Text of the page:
BY Ian Dunn | February 28 | comments icon 0 COMMENTS     print icon print

8-MARTIN-AELRED

‘Lentfest: Deepening our Faith through the gift of the arts’

Glasgow is getting ready for its eighth Archdiocesan arts festival in style, IAN DUNN discovers ahead of the Shrove Tuesday launch concert for this year. Attractions include many events coming to parishes

This Shrove Tuesday will see the eighth Glasgow Archdiocesan Lentfest arts festival kick off with a launch concert as the annual event goes from strength to strength.

Archbishop Philip Tartaglia of Glasgow has called on Catholics to support the festival saying ‘as the season of Lent calls us to a sober and reflective assessment of our lives, at the same time the principal arts festival of the archdiocese gets underway.’

“That apparent contradiction is explained away by casting an eye over the many elements of this year’s programme,” Archbishop Tartaglia explained. “For they are, in truth, aids to living Lent well: The Stations of the Cross rediscovered; the great drama of Christ’s passion, death and resurrection interpreted through the new prism of music and visual art; a revisiting of the theme of redemption through drama and an opportunity to deepen our appreciation of the pontificates of two great Popes soon to be Canonised (John XXIII and John Paul II) through film. Lentfest is about deepening our Faith through the gift of the arts.”

The archbishop also said he felt that ‘just a few months ago Pope Francis summed up our hopes for this year’s Lentfest very well when he said: “In every age the Church has called upon the arts to give expression to the beauty of her faith and to proclaim the Gospel message of the grandeur of God’s creation, the dignity of human beings made in his image and likeness, and the power of Christ’s death and resurrection to bring redemption and rebirth to a world touched by the tragedy of sin and death.”’

Festival organiser Stephen Callaghan said that he really hoped people would connect the Archdiocese of Glasgow Arts Project (AGAP) festival to ‘their Lenten journey.’

“What may seem trivialising to begin with actually turns out to be the opposite because I think it can draw people into Lent who wouldn’t give it as much though,” the AGAP creative director said. “I think Lent is especially important, because it is a liturgical season of the Church, that unlike Christmas and Easter hasn’t been overtaken by commercialisation.”

Mr Callaghan said that, while Lentfest keeps growing, it ‘breaks my heart when people don’t come to the events because I honestly think they do get an awful lot out of it.’

He also said that, unlike previous years, there was ‘no obvious theme’ to the 2014 festival but there would be events to mark the Cannonisations of Popes John XXIII and John Paul II.

“The blessed John Paul II is where it all began for me as we put out his plays at Turnbull hall eleven years ago,” he said. “So this year we are having an evening at Turnbull hall with excerpts of his plays as well as showing films about both popes.”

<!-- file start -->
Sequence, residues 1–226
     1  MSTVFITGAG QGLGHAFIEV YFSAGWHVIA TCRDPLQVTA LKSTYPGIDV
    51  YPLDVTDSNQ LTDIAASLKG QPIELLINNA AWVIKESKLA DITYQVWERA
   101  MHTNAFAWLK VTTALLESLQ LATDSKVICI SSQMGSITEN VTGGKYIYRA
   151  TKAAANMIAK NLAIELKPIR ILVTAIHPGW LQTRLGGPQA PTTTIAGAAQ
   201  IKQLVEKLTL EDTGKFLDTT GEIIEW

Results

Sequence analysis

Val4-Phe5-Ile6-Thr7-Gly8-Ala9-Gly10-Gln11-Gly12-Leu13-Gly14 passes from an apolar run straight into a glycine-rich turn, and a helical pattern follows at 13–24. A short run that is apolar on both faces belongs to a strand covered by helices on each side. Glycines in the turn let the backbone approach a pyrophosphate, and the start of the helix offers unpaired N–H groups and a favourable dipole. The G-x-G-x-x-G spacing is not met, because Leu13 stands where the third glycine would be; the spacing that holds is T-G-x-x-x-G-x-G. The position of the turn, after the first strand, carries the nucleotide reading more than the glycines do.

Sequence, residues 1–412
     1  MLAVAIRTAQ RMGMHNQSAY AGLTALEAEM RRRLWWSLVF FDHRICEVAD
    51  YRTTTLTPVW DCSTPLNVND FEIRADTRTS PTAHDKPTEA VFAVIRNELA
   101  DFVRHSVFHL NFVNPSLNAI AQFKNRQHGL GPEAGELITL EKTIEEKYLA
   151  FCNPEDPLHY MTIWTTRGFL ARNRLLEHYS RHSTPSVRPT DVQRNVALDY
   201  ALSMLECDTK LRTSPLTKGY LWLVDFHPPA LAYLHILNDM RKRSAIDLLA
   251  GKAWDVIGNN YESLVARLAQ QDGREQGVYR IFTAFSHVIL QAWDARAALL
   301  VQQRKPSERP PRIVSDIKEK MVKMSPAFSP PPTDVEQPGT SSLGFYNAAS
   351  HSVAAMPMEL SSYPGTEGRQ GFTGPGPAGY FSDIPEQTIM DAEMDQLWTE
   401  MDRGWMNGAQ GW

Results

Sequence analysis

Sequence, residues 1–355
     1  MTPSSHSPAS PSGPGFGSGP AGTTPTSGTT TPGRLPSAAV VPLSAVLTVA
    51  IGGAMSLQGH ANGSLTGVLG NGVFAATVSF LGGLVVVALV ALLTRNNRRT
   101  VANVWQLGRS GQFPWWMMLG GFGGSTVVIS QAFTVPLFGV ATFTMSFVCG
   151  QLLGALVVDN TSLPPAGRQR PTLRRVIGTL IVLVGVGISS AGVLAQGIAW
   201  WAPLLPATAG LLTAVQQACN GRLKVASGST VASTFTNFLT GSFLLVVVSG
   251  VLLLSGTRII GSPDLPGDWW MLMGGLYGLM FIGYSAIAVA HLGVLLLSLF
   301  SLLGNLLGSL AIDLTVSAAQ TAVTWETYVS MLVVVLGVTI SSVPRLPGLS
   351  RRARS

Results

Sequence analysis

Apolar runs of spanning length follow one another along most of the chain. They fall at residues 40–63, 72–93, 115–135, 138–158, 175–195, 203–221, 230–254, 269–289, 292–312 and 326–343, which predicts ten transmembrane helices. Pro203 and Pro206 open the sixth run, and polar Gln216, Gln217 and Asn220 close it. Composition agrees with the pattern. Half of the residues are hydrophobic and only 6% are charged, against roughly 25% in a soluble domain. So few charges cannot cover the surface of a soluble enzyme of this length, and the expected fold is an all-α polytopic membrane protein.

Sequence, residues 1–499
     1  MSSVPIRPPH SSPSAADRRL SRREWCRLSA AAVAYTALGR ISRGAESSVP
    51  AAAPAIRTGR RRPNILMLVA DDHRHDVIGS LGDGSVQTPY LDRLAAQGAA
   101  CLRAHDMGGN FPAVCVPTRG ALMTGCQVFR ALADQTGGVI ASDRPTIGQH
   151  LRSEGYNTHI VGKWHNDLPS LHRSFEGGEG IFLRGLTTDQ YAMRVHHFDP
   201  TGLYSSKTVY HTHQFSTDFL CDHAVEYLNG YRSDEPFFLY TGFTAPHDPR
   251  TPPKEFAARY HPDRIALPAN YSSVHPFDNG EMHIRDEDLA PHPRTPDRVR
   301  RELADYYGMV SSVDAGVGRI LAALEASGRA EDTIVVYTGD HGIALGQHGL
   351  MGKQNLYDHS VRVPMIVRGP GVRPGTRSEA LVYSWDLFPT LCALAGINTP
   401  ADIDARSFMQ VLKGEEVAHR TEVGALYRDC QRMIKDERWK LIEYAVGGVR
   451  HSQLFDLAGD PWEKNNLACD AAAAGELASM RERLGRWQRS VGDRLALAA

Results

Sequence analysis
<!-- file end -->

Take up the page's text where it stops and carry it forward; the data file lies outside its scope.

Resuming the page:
The evening of excerpts, called An evening with Karol, will be held at Turnbull Hall on Saturday March 22 and St Peter’s Patrick on Sunday March 23, both at 7pm. The films about John XXIII and John Paul II will be shown in the Eyre Hall on March 6 and 9 respectively.

Another highlight of the festival will be a mini piano festival at St Andrew’s Cathedral that is sponsored by McClaren’s pianos. On Thursday, April 10 Matthew Schellhorn, one of Britain’s leading pianists will perform a piano recital of the Stations of the Cross by Irish composer, Ian Wilson. The next night at the cathedral you will find Sounds of Hope and Inspiration a programme of Sacred and Spiritual music performed by Russian soprano, Oksana Mavrodii, violinist, Hector Scott, and Ukrainian concert pianist, Anna Mavromatidi.

Mr Callaghan said this is something new for Lentfest but ‘represented a tremendous bargain.’

“These are people who you would pay far more to see at the concert hall,” he said. “Yet you can catch them here for a tenner. I think their presence is a testament to the rising profile of the festival.”

Lentfest also remains a community- and parish-based festival. This Lent there will be many chances to catch unique performances at parishes around the archdiocese.

Passionate Voices was the first touring play put on by AGAP and is being revived this year with a new cast. Audiences can catch it St Helen’s Langside at March 28, St Gregory’s Wyndford at March 29, St Margaret Mary’s Castlemilk on March 30, Our Lady and St George Penilee April 2, St Mungo’s Townhead, April 4, St Martin’s Renton, April 6 and St Margaret’s Clydebank, April 7, all at 7.30pm.

The Popular Lentfest folk sessions also return and can be found at St Helen’s Langside on Sunday March 15 at 7.30pm and St Peter’s, Partick, Thursday March 27 also at 7.30pm.

Scotland’s beloved tenor and classical guitarist Martin Aelred (above) also returns for a special one-off concert at St Joseph’s Milngavie where he will be performing music from the motion picture The Mission and other inspirational music from the movies. That will take place at 7.30pm on March 14.

St Matthew’s Bishopbriggs will be hosting a dramatised version of the Stations of the Cross performed by the pupils of Turnbull High School on April 1 at 7.30pm.

 

—Full listings of all events are available on the AGAP website where festival goers can also order tickets at http://www.agap.org.uk

 

—ian@sconews.co.uk

 

 

 

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